secondlifeOn Wednesday April 9th, I reported (under “Transaction History Oopsie”) on an error with the Transaction History page on people’s SL dashboards which lead to some upset and confusion after the familiar page was replaced with one that failed to show totals, and which had the familiar .XLS and .XML download options replaced by a single .CSV option.

The change lead to understandably negative  forum comments and a JIRA report (BUG-5664).

As a result of the upset, the page was rapidly withdrawn, and as I reported on April 12th, the Lab blogged on the matter, indicating they would be seeking users’ input to the matter going forward.

In line with this, the Lab issued a further blog post on Wednesday April 16th, entitled Try Out the New Transaction History Page, which reads in full:

Last week, we made a new page available as a replacement for the old Transaction History page. Due to your feedback, we rolled back the changes to this page to allow us to gather more feedback, and we are now providing this new page for review, without removing the old Transaction History page.

We have not yet made any changes to the new page, because we would like time to collect your feedback and review it. We have created a wiki page giving background on why changes were made to this page, where the new page is, and how to provide feedback. We will be closing feedback on April 30, 2014, so please take a look before then.

The wiki page repeats the blog post information, and confirms the primary reason behind the change:

The new Transaction History page was created to allow more than 500 transactions to be displayed for Residents with very active businesses.

It also invites people to provide feedback via the original BUG-5664 JIRA report raised by Sera Lok, which is open to comment for feedback.

Please bear in mind when examining the “new” Transaction History page, that no changes have been made to it since it was first revealed on April 9th – it is given purely as an example so that people can better identify and report issues they may have with it when comparing it to the existing Transaction History page.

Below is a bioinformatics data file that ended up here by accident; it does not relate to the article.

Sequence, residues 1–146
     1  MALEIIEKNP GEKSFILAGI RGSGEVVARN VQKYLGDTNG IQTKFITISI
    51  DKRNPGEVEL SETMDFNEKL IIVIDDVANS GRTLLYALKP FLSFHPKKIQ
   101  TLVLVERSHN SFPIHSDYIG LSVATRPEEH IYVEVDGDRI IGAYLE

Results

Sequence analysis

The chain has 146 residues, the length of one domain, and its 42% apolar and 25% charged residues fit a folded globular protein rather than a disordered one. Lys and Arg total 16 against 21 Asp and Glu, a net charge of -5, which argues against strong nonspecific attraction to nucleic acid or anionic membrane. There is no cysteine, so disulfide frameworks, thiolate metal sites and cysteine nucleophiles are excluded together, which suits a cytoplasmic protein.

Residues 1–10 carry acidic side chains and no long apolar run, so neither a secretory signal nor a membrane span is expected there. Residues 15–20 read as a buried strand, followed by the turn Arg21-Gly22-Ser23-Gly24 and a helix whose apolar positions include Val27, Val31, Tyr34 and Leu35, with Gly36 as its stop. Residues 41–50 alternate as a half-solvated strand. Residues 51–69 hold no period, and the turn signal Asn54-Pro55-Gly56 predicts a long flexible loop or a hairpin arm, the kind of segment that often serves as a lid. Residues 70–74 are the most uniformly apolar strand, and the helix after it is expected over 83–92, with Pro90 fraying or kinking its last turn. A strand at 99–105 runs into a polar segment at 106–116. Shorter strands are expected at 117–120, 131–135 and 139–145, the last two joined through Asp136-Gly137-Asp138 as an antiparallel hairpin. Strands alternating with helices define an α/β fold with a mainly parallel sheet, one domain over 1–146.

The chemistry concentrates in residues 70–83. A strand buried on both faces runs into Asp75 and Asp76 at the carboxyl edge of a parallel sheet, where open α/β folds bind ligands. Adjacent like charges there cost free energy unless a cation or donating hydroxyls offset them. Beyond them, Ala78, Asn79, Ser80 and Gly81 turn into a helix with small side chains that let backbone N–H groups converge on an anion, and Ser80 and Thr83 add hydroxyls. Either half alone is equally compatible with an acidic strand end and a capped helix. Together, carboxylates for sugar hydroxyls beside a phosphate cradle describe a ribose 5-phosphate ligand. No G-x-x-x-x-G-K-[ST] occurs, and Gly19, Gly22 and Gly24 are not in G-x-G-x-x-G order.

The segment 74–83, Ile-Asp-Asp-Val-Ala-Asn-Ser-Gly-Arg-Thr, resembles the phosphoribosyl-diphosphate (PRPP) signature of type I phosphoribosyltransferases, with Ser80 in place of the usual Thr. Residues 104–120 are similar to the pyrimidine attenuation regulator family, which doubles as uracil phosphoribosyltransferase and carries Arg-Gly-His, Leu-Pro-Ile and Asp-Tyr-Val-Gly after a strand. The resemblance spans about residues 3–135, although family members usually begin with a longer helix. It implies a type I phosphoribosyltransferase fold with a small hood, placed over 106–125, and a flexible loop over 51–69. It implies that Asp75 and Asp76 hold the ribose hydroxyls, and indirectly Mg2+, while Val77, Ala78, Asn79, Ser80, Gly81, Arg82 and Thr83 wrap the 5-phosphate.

People have been asked to provide feedback by Wednesday April 30th.

Reading through the comments, some constructive points have been put forward, although the range of comments doindicate the complexity of implementing changes like this, with people falling almost equally either side of individual changes. For example, many feel that providing only a .CSV download isn’t a problem, but an equal number feel that .XLS (and .XML) should be retained, as .CSV can create problems when it comes to processing the data contained n the downloaded file. Were I to be asked, I’d suggest that retaining .XLS (/ .XML) alongside .CSV would offer the most flexible approach. Backwards compatibility and not breaking legacy content (including scripted processes) has long been a watchword for the Lab when making changes to the SL platform – and this attitude should be carried forward with supporting services as well, such as the Transaction History page, to accommodate all those who have processes reliant on receiving their transaction data in .XLS.

What is healthy is that the Commerce Team appear to be listening and making a genuine effort to understand issues and concerns. Coming so long after what seems to have been a deliberate policy of disengagement by the team from merchants in many areas, this is undoubtedly welcome.

One can only hope this willingness is further reflected in how the new page is refined and updated going forward.